Insiders pulled out their collective debit cards – or maybe they use Apple pay now? – to the tune of more than $309 million last week. One hundred and twenty executives, directors, and institutions who are beneficial owners of at least 10% of the company bucked up during the week.
Some signed supersized checks.
Brain Randall Khan, Managing Partner and founder of Vintage Capital Management, and owner of more than 10% of Babcock & Wilcox Enterprises Inc NYSE: BW, was responsible for the largest transaction, buying more than 107 million shares of the fossil and renewable power generator’s stock at $0.32.
That’s a cool $32 million plus on a company that just went through a one-for-ten reverse split. In English, if you had 10 shares before the spilt, you have one now. The reverse split was to “allow B&W to meet the continued listing standards of the New York Stock Exchange, permitting a broader range of institutional and individual investors to participate in ownership of our shares,” according to CEO Kenneth Young.
Although anecdotal, experience says reverse stock splits usually don’t work out. An older study from Researchers at the Stern School of Business at NYU and Emory University showed that, on average, companies that reverse split their shares badly underperform the market. 2
- Year 1 – 15.6% underperformance
- Year 2 – 36% underperformance
- Year 3 – 54% underperformance
In our opinion, experience and empirical results of 1600 companies from 1962 to 2001 suggest taking a pass on following Mr. Khan’s lead.
One of our favorite angles is cluster buying. That’s when multiple people from the same company buy their company stock at the same time. The thinking behind cluster buying is that prospects are so obvious, everybody sees value in the stock price.
Unfortunately, the only cluster buy of interest was Eagle Point Income Company Inc. (EIC). The company is “an externally managed, non-diversified closed-end management investment company. The Company’s investment objective is to generate high current income, with a secondary objective to generate capital appreciation by investing primarily in junior debt tranches of collateralized loan obligations.” 3 In other words, junk bonds or below investment grades debt instruments. High risk, high reward stuff.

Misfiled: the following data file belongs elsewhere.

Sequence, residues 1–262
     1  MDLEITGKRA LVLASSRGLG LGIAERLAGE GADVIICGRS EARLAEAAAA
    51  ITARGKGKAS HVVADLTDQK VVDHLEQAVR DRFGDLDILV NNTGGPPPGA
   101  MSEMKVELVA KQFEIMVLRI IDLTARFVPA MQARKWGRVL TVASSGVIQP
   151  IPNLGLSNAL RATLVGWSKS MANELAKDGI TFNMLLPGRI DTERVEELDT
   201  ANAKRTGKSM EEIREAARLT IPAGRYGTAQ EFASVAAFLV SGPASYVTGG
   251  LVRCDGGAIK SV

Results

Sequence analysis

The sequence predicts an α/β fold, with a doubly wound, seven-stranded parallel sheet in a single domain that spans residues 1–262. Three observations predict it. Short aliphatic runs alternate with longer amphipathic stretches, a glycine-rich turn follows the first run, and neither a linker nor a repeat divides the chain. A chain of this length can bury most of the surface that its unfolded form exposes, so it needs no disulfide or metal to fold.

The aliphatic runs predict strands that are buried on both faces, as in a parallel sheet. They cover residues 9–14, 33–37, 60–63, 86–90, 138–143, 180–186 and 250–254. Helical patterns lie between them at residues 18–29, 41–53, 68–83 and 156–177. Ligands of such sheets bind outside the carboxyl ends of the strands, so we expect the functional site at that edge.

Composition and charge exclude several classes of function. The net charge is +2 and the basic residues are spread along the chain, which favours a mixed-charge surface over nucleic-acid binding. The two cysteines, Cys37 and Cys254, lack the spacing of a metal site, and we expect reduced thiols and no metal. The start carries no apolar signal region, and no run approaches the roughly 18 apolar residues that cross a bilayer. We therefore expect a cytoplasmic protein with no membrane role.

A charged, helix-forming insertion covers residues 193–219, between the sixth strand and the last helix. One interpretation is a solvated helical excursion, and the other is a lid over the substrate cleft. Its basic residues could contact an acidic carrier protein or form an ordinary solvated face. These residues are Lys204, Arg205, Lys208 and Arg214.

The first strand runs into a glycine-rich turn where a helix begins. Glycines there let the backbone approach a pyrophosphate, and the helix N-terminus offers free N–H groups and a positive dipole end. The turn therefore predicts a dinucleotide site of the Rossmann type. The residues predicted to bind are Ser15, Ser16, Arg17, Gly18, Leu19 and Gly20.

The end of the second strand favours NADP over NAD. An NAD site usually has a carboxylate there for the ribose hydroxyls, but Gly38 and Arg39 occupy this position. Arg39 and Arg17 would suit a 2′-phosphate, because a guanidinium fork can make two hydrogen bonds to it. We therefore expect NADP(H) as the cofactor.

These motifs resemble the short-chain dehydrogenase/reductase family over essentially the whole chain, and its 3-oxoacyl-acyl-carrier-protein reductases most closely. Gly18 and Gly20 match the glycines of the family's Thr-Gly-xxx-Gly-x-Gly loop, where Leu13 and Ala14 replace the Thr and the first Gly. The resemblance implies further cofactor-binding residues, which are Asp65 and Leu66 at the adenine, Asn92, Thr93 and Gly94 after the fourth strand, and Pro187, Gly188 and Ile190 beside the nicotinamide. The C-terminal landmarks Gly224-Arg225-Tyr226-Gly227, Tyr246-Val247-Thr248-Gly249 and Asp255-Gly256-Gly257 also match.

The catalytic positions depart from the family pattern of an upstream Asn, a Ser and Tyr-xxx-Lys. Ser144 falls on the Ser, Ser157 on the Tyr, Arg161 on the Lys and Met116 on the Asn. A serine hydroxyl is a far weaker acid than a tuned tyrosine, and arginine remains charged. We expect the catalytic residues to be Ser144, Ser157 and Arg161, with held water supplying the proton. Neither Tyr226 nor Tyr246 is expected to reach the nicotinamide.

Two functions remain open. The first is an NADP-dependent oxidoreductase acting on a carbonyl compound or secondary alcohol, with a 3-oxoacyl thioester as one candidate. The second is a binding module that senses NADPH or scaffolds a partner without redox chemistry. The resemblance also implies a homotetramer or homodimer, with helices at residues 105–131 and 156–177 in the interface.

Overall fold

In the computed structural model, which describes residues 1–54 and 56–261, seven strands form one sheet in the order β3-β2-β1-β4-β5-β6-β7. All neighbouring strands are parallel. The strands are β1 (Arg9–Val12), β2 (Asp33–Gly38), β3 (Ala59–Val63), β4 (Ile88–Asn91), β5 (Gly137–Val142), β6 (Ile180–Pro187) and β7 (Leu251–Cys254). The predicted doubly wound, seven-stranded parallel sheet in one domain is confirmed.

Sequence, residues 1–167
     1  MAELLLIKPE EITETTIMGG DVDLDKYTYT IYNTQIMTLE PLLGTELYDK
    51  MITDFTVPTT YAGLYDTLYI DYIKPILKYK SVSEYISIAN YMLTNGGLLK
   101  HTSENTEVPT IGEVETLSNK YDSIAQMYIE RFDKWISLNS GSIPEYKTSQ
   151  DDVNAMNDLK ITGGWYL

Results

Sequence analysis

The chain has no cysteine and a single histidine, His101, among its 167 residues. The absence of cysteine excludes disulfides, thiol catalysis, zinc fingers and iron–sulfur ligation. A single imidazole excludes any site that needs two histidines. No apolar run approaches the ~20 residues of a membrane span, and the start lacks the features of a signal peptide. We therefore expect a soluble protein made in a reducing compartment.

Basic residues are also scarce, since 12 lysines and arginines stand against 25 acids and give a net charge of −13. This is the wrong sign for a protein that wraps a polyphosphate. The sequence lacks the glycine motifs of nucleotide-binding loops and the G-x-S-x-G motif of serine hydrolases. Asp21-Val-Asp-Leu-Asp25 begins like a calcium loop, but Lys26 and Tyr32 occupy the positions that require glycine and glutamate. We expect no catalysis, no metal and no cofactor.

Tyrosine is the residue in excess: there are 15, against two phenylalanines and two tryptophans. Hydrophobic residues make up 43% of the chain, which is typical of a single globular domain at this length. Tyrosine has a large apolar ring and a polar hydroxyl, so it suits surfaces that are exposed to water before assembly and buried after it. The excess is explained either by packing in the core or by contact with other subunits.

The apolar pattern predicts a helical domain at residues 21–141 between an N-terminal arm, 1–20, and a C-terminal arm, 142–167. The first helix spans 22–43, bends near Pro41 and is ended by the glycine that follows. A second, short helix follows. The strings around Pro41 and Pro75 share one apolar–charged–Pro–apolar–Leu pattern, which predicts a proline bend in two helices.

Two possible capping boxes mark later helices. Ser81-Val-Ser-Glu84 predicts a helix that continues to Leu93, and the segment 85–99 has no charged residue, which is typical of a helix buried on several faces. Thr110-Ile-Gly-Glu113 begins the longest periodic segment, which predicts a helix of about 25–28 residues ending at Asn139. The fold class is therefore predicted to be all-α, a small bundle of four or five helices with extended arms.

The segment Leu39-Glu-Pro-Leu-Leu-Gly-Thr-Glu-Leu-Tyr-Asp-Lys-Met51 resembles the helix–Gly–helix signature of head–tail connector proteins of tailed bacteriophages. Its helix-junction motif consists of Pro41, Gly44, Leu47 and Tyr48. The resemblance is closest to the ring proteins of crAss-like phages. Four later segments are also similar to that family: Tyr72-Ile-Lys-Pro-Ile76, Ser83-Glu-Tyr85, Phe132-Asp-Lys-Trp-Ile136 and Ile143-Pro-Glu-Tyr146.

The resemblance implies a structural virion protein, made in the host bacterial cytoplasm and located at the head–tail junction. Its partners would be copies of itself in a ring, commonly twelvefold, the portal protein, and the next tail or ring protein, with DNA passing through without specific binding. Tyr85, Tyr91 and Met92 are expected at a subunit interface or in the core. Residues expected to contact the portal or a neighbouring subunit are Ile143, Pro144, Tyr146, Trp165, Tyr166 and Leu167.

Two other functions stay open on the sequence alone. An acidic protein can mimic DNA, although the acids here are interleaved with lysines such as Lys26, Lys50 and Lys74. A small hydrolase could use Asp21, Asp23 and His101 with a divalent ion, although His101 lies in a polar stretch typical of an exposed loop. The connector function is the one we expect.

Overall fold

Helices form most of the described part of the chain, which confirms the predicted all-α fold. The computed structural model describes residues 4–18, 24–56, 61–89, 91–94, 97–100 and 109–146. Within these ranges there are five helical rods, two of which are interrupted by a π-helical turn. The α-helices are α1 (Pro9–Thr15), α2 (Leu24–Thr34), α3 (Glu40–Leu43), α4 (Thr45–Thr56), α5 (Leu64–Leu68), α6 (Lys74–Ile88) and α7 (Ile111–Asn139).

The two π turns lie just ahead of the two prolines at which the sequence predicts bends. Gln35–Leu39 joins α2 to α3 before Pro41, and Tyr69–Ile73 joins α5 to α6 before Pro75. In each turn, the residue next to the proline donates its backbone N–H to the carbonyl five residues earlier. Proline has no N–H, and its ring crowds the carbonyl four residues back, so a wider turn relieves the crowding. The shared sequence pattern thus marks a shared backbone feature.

Eight directors, executives, and others associated with EIC purchased a total of 57.395 shares of Eagle Point Income for a $1,141,587 investment. Unless you understand the ins and outs of junk bonds and related derivatives, EIC is probably one to avoid, despite the cluster of buys. It is suitable for aggressive investors who seek high yields and can handle a high degree of downside if/when the economy sours.
In the days ahead, we’ll examine some major executive team and director buys.
- Larry Robbins bought $32 million of Tenet Healthcare Corporation (THC) .
- Bruce Booth, director at AVROBIO, Inc. (AVRO) purchased 810,811 shares at $18.50 for a total of $15 million.
- Air Products and Chemicals, Inc. (APD) CEO Seifi Ghasemi invested more than $9 million in 40,000 shares.
- Cadence Bancorporation (CADE) COO bought 30,000 shares for more than a half-million dollars.
- United Rentals, Inc. (URI) CEO Donald Roof picked up 5,000 shares at $118.27 for $591,362.
All are big bucks buys and warrant more investigation. We will identify which insiders have a great track record of acting on their stock in a profitable manner.